It’s weird how with some words, only one version of them is used.
You never hear about ‘requited love’, for example. Even Google, our cultural overseer and curator, is hesitant to acknowledge the phrase:
When I click ‘Search instead for songs about requited love’ it just brings up some crappy mix-tape that’s out of stock:
This isn’t how it should be. We should be singing about the requited rather than the unrequited.
So go forth and requite your love. Inform your lover that their love for you is requited, vigorously and for evermore.
Here’s an emoticon I invented a while back:
It’s a heilan coo (highland cow):
I’m a cosy sleeper, and basically guaranteed a comfortable night’s sleep wherever I lay my head.
Unless it’s a coach seat, in which case I’m basically guaranteed a terrifying bout of sleep paralysis. But that’s another story.
This cosiness is a blessing and a curse: I never have issues with nodding off but getting up in the morning is tormentous horror.
Makin’ my way to the alarm (source)
Over the years I’ve tried numerous techniques and ‘hacks’ to ease the transition to being awake and, predictably, none have worked.
Last week though, it finally clicked:
- The 10 seconds after you wake up are vital.
- Having the conviction to tell yourself you’re not going back to bed and sticking to it is vital.
- Strengthening that conviction is the skill you need to practice, rather than weird hacks.
Hiding the alarm, setting custom ringtones, leaving abusive notes from my bedtime-self to my morning-self, creating elaborate snooze systems – all of these techniques have been rendered pointless by that one realisation.
Just get up, and stay up.
The first few minutes are awful. You’rea groggy husk of your daytime-self, shuffling about the house while your eyes try to catch up with your brain and start processing visual signals rather than just showing you a blurry and ambiguous world.
A surprisingly short time after that though you feel fresh, and ready to greet the day.
Why, hello! (Source)
I find snippets occasionally that encapsulate a cool aspect of life, or motivate me to make a small change to the way I do things.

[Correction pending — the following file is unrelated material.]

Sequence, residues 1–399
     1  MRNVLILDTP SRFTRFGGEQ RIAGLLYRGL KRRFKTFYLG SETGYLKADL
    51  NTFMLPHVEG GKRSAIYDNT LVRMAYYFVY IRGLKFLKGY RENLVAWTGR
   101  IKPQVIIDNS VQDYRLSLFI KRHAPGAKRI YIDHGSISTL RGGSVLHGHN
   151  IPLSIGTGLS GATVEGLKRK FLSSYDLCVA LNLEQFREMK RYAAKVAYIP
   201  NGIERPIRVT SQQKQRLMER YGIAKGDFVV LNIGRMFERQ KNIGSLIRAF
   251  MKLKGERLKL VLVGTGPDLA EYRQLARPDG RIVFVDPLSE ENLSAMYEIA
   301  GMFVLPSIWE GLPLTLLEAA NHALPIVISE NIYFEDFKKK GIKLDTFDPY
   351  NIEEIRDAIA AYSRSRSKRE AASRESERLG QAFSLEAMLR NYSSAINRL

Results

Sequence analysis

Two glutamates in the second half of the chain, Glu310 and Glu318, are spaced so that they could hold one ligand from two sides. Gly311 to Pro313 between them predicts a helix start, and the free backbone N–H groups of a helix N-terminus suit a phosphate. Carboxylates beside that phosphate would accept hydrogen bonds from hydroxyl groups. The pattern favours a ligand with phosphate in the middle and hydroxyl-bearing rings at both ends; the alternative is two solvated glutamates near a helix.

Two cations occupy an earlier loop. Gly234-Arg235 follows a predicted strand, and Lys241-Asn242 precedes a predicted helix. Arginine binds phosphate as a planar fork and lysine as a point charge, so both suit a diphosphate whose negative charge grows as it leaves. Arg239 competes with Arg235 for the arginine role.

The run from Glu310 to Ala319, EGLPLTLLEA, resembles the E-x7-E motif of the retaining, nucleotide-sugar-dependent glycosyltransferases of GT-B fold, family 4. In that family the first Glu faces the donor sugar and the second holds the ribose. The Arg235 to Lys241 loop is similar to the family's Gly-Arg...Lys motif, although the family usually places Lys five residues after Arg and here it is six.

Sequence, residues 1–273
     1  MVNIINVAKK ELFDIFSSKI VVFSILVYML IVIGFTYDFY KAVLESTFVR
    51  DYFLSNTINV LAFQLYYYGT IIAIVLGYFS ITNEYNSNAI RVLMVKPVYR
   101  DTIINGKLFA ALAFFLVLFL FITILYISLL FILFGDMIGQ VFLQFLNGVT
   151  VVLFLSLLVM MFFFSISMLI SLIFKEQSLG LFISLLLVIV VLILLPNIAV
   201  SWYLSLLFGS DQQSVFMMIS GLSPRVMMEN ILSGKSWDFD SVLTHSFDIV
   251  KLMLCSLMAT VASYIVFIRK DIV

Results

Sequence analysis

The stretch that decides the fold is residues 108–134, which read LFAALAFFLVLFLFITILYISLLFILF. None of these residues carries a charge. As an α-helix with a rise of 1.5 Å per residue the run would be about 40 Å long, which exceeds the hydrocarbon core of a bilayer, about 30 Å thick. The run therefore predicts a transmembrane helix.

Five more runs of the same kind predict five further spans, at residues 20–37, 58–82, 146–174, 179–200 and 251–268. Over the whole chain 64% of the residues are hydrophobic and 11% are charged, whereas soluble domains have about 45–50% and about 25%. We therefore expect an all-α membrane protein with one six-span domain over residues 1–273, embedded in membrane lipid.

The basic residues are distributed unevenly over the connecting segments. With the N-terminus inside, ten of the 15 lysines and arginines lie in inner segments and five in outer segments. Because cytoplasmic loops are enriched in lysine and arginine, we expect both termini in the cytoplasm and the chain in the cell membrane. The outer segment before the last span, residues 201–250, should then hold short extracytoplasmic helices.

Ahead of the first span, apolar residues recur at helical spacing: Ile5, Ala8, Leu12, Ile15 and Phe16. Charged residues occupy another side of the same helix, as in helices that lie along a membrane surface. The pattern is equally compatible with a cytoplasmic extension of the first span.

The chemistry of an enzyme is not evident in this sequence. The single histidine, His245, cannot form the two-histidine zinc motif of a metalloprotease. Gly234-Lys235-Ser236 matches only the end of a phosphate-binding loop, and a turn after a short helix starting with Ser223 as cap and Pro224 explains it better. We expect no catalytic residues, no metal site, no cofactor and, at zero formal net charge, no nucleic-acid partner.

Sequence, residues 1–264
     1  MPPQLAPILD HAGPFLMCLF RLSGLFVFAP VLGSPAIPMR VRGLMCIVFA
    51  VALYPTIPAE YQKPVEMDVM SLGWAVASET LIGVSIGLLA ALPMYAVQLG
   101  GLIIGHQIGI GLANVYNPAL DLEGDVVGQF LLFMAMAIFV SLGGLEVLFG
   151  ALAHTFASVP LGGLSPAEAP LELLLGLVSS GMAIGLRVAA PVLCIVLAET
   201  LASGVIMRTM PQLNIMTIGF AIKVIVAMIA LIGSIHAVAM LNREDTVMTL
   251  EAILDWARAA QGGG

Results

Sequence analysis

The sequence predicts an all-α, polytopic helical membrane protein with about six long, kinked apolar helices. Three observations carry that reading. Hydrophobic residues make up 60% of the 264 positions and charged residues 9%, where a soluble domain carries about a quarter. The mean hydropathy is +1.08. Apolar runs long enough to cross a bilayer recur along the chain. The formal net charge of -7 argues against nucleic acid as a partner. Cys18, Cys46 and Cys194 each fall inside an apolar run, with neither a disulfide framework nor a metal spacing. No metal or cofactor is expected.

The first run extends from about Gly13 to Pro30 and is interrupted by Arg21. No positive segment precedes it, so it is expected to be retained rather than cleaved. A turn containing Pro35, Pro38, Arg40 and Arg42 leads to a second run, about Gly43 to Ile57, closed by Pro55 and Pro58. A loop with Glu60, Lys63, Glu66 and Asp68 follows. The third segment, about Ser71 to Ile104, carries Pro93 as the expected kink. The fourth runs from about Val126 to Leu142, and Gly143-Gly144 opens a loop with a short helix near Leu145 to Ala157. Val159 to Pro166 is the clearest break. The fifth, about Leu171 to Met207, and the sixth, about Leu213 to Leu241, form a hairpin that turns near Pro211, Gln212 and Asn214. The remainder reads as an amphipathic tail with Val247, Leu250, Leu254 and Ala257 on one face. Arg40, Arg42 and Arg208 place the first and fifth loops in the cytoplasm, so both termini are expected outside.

Collating them into a central blog post just struck me as a good idea, so here goes (note: by their nature these are probably going to be relatively trite, so lower your expectations now):
- Spend as much time as possible doing things you’d choose to do if money wasn’t a factor. Live in a way that facilitates this. (Source: me)
- Give a crap about the things you’re doing, try to arrange things so you can do things you give a crap about. (Source: me)
- Don’t let life randomly kick you into the adult you don’t want to become. (Source: Chris Hadfield)
Frank Turner describes twitter as an “essentially frivolous medium”:
I agreed with him until something really cool happened that changed my mind: I tweeted Snarky Puppy and the Metropole Orkest lamenting that I’d missed tickets for the tour where they’d be performing their incredible album ‘Sylva’:
I figured the most that would happen would be either a) someone recognised the Flight of the Conchords reference and favourite the tweet, or b) someone in one of the ensembles would see the tweet and get a brief fuzzy glow of approval.
Little did I realise that c) would happen:
This turned into an email exchange with Pieter and later Iris from the Orkest who offered to save one of the tickets they had available, despite all sites saying it had sold out.
I said yes (despite the extravagance of going to Paris overnight to see a concert) and it ended up being probably the best live music I’ve ever seen.
Gaël, twitter user and fellow but unknown attendee, articulated it perfectly:
Moral of the story? I want to say “ask questions and you’ll be surprised at the outcome” but here, I just whined in a public forum and happened to luck out.